PAC report recommendations

To guide the relevant health institutions in the right direction, the PAC report looks to the Department of Health and Social Care (DHSC) and the NHS for the following:

  • Realistic targets for all national and local projects
  • How they intend to improve transparency and clarity to ensure that the money they spend is spent more wisely
  • The DHSC has been asked to write to the PAC by spring 2021 explaining what each of the various bodies involved do and will contribute to the national digitisation programme.

Essentially they are looking for clarity on what will be done, by whom and when, and what the value of the outcomes is expected to be for end users – the clinicians and patients.

Up to 80% of public sector digital projects fail

There are quite a few examples of challenged projects to choose from.

Data reportedly published on GOV.UK shows that between one in five and one in six digital services projects, assessed against the Government Digital Service (GDS) 14-point requisite standards criteria, over the last 6-years, met the grade. Top reasons for failure were – not understanding user needs, not improving the service that already existed and not creating a simple and intuitive service.

One recent example of this is the NHS Covid-19 app.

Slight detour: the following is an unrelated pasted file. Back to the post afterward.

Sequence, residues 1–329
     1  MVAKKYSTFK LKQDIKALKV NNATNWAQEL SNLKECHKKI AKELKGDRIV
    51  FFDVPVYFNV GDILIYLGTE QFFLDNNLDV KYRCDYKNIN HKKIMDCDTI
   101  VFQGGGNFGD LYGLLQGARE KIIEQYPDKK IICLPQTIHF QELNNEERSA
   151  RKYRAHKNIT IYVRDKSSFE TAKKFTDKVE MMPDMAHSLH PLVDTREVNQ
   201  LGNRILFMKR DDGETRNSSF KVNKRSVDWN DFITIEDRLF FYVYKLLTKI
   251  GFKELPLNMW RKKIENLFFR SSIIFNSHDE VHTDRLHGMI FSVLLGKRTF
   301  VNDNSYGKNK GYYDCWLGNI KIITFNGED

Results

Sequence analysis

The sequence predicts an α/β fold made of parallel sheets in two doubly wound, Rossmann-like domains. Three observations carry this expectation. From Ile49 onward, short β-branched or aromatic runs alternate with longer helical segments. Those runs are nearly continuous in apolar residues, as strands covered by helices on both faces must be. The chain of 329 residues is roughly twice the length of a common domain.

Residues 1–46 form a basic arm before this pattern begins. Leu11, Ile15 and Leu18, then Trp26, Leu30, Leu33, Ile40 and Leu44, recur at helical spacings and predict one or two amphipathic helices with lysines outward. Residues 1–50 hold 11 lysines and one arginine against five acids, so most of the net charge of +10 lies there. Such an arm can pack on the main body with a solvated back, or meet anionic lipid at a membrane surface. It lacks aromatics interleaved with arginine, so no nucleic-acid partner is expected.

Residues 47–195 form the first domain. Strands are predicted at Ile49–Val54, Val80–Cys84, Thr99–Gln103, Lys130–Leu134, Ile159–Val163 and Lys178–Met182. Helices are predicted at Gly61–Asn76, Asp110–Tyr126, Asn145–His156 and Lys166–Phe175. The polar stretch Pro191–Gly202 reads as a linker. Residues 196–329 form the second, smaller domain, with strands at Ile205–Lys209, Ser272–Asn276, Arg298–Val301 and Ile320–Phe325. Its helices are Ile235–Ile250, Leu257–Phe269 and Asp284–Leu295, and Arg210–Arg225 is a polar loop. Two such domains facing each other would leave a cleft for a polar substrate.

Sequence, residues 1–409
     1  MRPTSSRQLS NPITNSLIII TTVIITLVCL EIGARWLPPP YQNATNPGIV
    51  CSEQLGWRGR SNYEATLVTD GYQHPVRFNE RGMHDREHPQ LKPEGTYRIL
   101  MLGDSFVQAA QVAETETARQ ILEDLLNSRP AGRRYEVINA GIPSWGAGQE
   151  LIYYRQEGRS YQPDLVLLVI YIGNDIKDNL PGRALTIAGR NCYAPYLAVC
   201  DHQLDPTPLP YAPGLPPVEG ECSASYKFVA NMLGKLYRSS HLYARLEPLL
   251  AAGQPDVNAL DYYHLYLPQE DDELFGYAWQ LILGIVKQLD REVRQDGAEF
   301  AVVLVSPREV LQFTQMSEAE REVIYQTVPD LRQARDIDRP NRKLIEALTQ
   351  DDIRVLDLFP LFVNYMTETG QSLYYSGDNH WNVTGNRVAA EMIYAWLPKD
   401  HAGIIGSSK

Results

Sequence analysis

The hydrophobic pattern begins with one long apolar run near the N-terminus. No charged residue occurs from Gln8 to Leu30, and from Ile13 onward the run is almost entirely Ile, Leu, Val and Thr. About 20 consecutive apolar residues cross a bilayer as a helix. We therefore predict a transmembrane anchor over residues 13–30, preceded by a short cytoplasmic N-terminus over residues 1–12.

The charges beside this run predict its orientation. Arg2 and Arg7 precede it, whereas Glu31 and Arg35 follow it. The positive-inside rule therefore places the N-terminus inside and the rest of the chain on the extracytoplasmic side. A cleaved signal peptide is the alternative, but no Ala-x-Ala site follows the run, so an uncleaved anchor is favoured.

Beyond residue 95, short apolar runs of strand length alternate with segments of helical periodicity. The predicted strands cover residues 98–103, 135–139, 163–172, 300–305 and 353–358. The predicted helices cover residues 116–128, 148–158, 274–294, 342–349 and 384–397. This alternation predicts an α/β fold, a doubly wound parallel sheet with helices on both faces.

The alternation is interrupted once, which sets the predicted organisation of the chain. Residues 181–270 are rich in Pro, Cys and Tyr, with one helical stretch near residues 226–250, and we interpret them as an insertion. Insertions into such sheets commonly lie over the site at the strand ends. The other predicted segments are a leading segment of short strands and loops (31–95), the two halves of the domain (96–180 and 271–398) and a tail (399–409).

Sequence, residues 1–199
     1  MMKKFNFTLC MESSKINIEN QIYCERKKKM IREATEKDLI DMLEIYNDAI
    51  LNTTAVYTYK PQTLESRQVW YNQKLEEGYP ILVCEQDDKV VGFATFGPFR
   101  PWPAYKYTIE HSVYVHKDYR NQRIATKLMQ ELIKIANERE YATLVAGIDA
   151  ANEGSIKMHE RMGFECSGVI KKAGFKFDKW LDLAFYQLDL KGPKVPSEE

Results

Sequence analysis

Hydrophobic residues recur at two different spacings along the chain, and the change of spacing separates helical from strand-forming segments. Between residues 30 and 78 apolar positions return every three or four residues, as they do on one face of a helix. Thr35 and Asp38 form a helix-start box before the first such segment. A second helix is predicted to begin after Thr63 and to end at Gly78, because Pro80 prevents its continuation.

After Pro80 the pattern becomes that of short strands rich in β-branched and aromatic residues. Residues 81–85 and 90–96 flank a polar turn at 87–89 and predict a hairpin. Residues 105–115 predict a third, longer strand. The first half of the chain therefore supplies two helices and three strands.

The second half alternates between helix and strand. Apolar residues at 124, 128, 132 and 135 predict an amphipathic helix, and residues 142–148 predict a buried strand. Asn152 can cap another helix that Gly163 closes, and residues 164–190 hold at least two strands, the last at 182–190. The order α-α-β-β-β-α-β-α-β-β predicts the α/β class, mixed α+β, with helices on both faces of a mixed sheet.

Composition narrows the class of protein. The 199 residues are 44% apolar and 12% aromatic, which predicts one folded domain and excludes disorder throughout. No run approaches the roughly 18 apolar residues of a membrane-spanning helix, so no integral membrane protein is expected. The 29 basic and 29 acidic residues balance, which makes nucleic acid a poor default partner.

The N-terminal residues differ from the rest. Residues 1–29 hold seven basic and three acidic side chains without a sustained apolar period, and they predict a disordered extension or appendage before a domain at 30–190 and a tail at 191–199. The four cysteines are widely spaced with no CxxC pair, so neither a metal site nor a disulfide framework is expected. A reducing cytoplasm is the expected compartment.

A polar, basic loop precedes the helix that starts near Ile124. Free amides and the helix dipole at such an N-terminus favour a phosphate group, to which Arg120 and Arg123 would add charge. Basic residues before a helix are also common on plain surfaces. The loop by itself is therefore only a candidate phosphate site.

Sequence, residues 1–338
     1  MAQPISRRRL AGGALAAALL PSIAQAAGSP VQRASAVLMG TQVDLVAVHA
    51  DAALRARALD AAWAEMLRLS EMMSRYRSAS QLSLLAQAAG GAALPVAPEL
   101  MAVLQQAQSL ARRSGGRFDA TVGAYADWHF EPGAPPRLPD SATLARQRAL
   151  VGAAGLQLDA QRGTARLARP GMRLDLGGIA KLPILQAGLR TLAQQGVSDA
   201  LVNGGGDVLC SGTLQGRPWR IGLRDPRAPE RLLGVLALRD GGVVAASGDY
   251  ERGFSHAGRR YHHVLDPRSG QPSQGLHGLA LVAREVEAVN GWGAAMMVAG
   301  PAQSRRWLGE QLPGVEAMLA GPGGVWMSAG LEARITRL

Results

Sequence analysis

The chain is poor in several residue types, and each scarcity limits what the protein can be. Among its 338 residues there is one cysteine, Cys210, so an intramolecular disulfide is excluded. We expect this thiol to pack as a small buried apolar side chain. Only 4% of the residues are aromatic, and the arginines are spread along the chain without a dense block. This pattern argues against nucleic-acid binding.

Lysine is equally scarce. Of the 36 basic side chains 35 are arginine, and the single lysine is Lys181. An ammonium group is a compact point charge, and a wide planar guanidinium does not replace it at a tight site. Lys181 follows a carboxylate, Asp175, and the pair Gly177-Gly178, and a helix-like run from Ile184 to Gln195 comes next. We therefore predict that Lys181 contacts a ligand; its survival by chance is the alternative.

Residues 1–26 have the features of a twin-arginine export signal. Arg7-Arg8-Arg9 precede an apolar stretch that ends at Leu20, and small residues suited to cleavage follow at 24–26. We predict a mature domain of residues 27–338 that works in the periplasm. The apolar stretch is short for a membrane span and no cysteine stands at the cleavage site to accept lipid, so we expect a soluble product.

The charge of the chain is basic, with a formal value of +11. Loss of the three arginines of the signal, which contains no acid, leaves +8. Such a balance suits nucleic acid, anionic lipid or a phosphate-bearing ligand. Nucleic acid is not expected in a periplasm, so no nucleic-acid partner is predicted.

A reported £10.8m was spent on this and a further £24m is expected to be spent on supporting it over the winter. However, though we now have a partially working version of an app, it is not as comprehensive as we were told we would be getting. Development has been reportedly plagued by reliability issues and connectivity, and the first version of the app was scrapped entirely. MPs have even been reported to have questioned the level of impact the app could possibly offer in its current form.

Four steps to minimising your risk of project failure

    1. Know your ‘now’

The challenges you face that have brought to the fore the need for change must be clearly and quantitively identified and documented. What are the problems, what are they costing you (include financial, time and reputational costs), why a change would be so important, and to whom.

Utilise input from all relevant stakeholders to ensure that you fully appreciate the weaknesses you are keen to strengthen. The ‘pain-points’ identified here can be used as your ongoing motivation to drive the project forward and the reasons you return to, should questions be raised during the project about its viability and necessity.

It is equally important to document the entire work process that surrounds all areas you have determined need to be changed. How you are working now, the technologies you are using, the processes you are following are all vital information that any strategic supplier you collaborate with, to design and implement the new vision, will need to know.

    1. Without a destination you’ll never know that you’ve arrived

Your determination of ‘what good looks like’ will guide the development of a ‘future state’ outcome that your collaborative efforts with your supplier will look to achieve. This should be quantified and as detailed as practically possible, as the greater the clarity with which you are able to determine this future state, the greater your certainty can be that you have arrived at it once your milestones have been achieved. Also, knowing your destination means understanding how close or distant you are from it throughout the project enabling you to more effectively manage or drive the efforts of your supplier.